The dilemma: Handling a former veterinary associate's dirty moves


Clashes between veterinary colleagues are part of human nature-but when do they cross the line?

Dr. Hodges has been practicing small animal medicine in his community for 18 years. He has always enjoyed being a solo practitioner, but a few years ago things started to get busier, and he was getting older. It was time for some assistance, so he hired Dr. Gilbert to be his first associate.

Dr. Gilbert was three years out of veterinary school and had a strong commitment to pets and the profession. But 10 months into the relationship, the two veterinarians found themselves at odds about everything from compensation to diagnosis and treatment protocols. Dr. Gilbert finally had enough of what he considered to be an abusive environment, and he abruptly left the practice. Dr. Hodges returned to his solo practice having "learned his lesson."

During the next several months Dr. Hodges received an exceptionally high number of record transfer requests from Dr. Gilbert, who was now practicing in the next town. Dr. Hodges began to suspect that Dr. Gilbert had taken client record information with him when he left the practice. In addition, several clients called him to say that Dr. Gilbert was telling them that he, Dr. Hodges, had made diagnostic errors that were not in their pets' best interest. These clients were not happy.

Dr. Hodges thought his former associate was acting unprofessionally. He proceeded to file a complaint against Dr. Gilbert with the state board of veterinary medicine. His claim stated that his former associate was engaging in unprofessional behavior. Dr. Hodges thought Dr. Gilbert should be sanctioned and forced to stop this unprofessional activity. The board contacted both veterinarians and asked them to elaborate on the accusations. The state board eventually determined that this was an acrimonious relationship but that Dr. Gilbert's behavior did not rise to the level of unprofessional conduct. The case was closed and the board did not issue any sanctions.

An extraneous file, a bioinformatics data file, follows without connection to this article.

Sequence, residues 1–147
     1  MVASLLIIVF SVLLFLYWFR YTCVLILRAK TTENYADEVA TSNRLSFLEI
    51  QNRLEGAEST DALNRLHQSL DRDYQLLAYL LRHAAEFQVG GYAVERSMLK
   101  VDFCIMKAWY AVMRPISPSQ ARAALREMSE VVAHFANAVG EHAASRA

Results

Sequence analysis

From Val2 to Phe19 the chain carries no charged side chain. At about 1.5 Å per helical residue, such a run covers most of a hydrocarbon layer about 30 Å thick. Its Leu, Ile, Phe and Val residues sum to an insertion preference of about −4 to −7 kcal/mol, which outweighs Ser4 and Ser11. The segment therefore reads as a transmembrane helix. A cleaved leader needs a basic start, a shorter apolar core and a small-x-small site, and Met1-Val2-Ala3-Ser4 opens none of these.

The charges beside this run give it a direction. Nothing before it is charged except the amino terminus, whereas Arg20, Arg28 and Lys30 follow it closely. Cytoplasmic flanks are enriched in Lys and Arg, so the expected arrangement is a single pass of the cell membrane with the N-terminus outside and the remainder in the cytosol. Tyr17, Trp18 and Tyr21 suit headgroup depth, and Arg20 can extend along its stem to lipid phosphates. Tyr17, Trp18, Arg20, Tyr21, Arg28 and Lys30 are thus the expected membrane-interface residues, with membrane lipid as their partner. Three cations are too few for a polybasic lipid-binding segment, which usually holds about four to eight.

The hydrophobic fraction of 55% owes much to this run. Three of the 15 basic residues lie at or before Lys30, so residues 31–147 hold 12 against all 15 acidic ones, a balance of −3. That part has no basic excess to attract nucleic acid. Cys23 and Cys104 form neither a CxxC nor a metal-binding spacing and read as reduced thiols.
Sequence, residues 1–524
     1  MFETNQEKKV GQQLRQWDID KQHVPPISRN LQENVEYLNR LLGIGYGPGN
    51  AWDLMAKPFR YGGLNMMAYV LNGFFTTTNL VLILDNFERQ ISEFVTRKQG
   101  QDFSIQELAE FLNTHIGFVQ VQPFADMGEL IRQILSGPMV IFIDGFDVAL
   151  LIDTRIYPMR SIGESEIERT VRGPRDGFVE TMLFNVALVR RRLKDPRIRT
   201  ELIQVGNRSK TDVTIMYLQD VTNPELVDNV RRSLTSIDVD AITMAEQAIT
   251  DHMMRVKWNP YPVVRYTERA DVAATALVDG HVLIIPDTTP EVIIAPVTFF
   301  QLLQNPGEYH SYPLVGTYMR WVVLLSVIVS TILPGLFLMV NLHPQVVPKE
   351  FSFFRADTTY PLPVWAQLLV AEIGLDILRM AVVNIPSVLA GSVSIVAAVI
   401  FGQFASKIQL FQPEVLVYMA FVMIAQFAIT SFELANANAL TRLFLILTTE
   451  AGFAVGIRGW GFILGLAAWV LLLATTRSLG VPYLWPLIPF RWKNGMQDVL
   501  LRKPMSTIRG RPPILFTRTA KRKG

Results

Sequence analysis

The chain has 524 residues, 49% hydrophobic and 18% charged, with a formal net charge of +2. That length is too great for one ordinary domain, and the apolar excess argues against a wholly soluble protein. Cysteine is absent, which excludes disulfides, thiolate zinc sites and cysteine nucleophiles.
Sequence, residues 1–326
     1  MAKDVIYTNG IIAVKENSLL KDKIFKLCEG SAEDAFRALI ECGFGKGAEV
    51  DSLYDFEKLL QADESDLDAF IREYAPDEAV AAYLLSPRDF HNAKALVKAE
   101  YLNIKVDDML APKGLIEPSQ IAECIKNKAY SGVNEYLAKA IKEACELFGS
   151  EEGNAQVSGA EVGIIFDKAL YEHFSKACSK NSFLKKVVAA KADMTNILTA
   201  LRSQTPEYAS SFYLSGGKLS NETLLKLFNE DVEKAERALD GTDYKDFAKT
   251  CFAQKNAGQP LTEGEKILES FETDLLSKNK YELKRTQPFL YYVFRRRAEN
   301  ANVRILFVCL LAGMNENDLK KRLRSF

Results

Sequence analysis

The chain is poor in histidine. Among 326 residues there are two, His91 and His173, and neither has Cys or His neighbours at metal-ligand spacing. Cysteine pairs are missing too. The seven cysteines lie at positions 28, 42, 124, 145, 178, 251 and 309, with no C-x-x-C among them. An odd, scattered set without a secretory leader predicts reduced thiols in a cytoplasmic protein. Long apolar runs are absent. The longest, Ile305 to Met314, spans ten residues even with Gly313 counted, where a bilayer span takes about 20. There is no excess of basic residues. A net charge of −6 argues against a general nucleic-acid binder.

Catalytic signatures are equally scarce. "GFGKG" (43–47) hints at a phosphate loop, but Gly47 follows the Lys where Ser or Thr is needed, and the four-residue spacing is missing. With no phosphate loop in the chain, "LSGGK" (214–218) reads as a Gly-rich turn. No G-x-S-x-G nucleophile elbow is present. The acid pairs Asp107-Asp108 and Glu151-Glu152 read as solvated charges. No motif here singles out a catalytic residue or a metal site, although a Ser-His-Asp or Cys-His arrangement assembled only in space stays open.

Confrontational situations often develop between fellow professionals within the same community. Do you think Dr. Hodges' use of the state regulatory agency was the proper option for what he thought was a colleague's unprofessional behavior?

Rosenberg's response

Dr. Gilbert's perceived unprofessional client poaching and derogatory opinions probably produced more anger than actual damage for Dr. Hodges, and the state board of examiners was not the proper venue in which to air these grievances. Unprofessional behavior usually involves consumer fraud, false advertising and immoral behavior. Colleague grievances can be handled effectively in other ways.

These two veterinarians should have taken a deep breath, scheduled a meeting and reached some type of truce. In addition, many state veterinary associations have ethics and grievance committees to assist their members. If all else fails, the civil courts exist to determine if laws have been broken or monetary damages are in order.

Challenging situations require the veterinarian to act in a professional manner. To this end, the veterinarian must be honest and act in the best interest of his client, show compassion to pets and respect the veterinary profession above all else.

Get in touch

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Dr. Rosenberg is director of the Voorhees Veterinary Center in Voorhees, N.J. He is a member of the New Jersey Board of Veterinary Medical Examiners.

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